Happy Mothers Breastfed Babies
Help 
  Forgot Your LLLID? or Create Your LLLID Here
La Leche League International
To Find local support:  Or: Use the Map




Delayed Gratification

By Amber Pang Parra
Kaneohe HI USA
From: NEW BEGINNINGS, Vol. 17 No. 3, May-June 2000, pp. 80-81

We provide articles from our publications from previous years for reference for our Leaders and members. Readers are cautioned to remember that research and medical information change over time

Like all first-time mothers, I eagerly looked forward to the day that I would finally hold my baby, but during my pregnancy, I spent hours of every day vomiting and required IV fluids to fight dehydration. I was also visited by many of the discomforts that plague pregnant women - sciatica, round-ligament pain, extremely loose joints, and a worsening of fibromyalgia symptoms. At times I was unable to walk, even to the bathroom where I spent so much of my time, being sick. Thoughts of holding and nursing my baby were joys that kept me going when I was ill and confined to bed much of the time.

As I reached the midpoint of my pregnancy, I began to have a lot of uncomfortable but irregular contractions. My doctor assured me that these were harmless Braxton-Hicks contractions and felt that modified bed rest would lessen the contractions. My doctor noted that my son's head was already engaged in my pelvis at 20 weeks, but was convinced that the baby could disengage at any time. By the time I neared 26 weeks, the contractions were at times powerful enough to prevent me from talking or walking. Contractions started one Friday and continued to become more regular and frequent all weekend. By Monday evening, I had been having regular contractions for hours. When my contractions started coming two and a half minutes apart, my husband took me to the hospital. In the hospital, the labor and delivery staff found that I had dilated to two centimeters, and the contractions showed no signs of abating. I was given magnesium sulfate to try to stop the contractions, and a medication to encourage our baby's lung development. I was transferred by ambulance to a hospital with a neonatal intensive care unit. Once we arrived, doctors explained to my husband and me the dangers associated with premature birth. My husband and I prayed that the contractions would stop.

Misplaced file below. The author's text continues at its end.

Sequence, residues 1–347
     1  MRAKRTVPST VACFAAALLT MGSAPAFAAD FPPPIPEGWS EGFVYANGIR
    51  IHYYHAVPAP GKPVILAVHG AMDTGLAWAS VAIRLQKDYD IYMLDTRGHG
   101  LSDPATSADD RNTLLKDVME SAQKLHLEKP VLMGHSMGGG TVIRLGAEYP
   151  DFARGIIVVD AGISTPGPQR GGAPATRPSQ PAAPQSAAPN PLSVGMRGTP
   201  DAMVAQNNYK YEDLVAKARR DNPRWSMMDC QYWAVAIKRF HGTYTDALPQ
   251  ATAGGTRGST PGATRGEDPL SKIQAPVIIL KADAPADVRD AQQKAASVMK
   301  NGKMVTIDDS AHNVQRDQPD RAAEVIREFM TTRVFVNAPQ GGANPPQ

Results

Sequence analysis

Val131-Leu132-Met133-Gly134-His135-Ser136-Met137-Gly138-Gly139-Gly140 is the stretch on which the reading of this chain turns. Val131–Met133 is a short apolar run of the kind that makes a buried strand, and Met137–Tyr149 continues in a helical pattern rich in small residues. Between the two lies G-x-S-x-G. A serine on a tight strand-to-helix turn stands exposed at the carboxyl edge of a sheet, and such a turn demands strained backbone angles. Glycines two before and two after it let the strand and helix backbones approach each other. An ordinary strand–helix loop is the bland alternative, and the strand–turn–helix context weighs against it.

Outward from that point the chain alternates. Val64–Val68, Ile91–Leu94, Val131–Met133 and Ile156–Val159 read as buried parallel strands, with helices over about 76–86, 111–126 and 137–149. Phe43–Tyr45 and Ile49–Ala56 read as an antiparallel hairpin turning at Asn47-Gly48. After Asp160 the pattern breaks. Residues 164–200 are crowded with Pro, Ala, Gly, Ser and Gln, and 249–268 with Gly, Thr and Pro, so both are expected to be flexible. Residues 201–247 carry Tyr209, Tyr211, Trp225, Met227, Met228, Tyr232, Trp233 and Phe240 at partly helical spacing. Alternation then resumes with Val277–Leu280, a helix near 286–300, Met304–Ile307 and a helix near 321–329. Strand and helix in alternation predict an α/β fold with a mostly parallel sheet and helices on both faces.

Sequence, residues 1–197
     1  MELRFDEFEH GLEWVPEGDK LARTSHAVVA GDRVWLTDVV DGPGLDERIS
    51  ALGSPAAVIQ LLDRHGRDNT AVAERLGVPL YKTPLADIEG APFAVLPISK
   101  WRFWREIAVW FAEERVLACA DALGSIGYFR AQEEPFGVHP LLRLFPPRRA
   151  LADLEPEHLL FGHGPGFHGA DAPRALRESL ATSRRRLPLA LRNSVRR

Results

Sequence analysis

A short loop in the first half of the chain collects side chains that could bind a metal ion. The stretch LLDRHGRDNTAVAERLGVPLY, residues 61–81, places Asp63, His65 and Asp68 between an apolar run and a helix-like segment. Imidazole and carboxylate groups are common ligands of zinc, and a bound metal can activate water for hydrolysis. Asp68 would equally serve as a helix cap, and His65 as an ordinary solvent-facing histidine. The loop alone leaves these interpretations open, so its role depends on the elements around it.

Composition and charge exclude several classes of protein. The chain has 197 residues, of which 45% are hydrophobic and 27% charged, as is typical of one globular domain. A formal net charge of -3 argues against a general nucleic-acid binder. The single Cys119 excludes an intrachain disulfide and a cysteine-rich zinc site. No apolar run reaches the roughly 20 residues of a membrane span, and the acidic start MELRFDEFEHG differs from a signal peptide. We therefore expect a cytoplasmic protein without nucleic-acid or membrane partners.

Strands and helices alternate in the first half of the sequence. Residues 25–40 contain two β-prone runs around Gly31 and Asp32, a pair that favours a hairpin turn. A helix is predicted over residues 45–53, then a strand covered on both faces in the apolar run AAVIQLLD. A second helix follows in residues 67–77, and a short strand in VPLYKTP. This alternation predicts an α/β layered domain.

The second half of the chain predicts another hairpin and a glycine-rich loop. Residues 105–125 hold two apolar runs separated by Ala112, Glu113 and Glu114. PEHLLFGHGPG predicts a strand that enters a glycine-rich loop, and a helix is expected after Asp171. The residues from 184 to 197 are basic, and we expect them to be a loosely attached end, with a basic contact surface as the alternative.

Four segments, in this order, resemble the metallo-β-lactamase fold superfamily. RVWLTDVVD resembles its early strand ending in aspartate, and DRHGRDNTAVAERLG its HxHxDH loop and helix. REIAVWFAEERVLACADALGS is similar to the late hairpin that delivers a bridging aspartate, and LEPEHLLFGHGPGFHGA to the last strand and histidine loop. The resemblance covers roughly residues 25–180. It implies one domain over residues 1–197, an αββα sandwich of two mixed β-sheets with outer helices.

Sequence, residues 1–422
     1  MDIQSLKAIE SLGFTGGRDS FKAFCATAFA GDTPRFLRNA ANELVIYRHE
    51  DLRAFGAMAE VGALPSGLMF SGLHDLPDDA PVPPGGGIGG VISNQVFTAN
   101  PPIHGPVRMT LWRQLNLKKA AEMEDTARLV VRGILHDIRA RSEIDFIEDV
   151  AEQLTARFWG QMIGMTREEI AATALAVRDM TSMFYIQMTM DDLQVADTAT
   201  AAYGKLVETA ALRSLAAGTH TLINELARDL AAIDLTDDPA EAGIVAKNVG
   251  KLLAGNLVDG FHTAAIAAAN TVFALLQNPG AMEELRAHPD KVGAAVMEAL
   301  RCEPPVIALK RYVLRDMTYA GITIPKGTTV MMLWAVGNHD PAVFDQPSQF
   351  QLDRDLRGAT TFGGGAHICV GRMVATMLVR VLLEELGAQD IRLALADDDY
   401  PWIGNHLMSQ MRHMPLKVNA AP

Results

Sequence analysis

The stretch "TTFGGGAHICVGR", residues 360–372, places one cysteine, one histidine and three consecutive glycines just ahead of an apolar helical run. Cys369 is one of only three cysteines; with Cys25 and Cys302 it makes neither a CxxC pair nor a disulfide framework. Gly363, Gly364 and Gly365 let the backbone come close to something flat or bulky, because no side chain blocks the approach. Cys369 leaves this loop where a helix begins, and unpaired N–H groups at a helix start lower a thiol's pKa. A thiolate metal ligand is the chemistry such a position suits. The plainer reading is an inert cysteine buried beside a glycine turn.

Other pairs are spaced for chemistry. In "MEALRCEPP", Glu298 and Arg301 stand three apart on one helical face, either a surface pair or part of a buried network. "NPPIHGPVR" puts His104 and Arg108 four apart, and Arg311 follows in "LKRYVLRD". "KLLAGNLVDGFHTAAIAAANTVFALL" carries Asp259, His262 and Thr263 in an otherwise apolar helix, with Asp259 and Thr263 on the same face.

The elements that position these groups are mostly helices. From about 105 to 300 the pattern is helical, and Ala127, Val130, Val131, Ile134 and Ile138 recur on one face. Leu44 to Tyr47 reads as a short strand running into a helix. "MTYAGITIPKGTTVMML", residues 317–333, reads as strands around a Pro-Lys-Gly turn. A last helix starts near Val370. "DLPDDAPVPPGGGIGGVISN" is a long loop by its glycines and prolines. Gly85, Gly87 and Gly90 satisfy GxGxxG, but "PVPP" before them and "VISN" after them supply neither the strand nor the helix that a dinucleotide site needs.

When I began to feel a warm wet sensation with each contraction, I asked a nurse to check if I was "leaking." She insisted there was no way such a thing could happen. I complained several times before she finally checked and discovered that my bag of waters had ruptured. My husband and I were crushed, knowing our son was fighting an uphill battle for survival.

In most cases, after rupture of the membranes, labor is induced within 24 hours because of the risk of infection. My doctors decided to treat me with antibiotics and hold off on inducing labor for as long as possible. They told us that every day I remained pregnant could reduce by three days the time our baby might spend in the NICU. I remained in the hospital on complete bed rest, unable to stand, shower or use the bathroom. I would go in and out of hard labor, with contractions seconds apart. There was little to do but wait out each episode of contractions. My amniotic sac had resealed and my cervix did not dilate further. The amniotic fluid had gradually increased, adequately cushioning my son. The veins in my arms, hands, and wrists could no longer be used for IVs, and the doctors decided to allow me to return home to the comfort of my own bed until the birth of my child.

When Joey was finally born, at about 34 weeks, he had more than doubled in size since I had first gone to the hospital. My son was placed in an intermediate care nursery and was treated for possible infection. No further problems developed and I hoped to bring him home within a few days. Although I had intellectually prepared myself for my son's prematurity and for our separation, the reality was devastating. Although I was determined to breastfeed, the pediatrician would not allow me to breastfeed my son. I requested that he not be bottle-fed because of possible nipple confusion but my requests were ignored. I was issued a manual breast pump, told to pump every three hours for twenty minutes, and released, a day after I had given birth. I felt unsure of myself, having no experience with expressing milk or using a breast pump. Nevertheless, I was determined to do what was best for our little son, who had fought so hard to be born.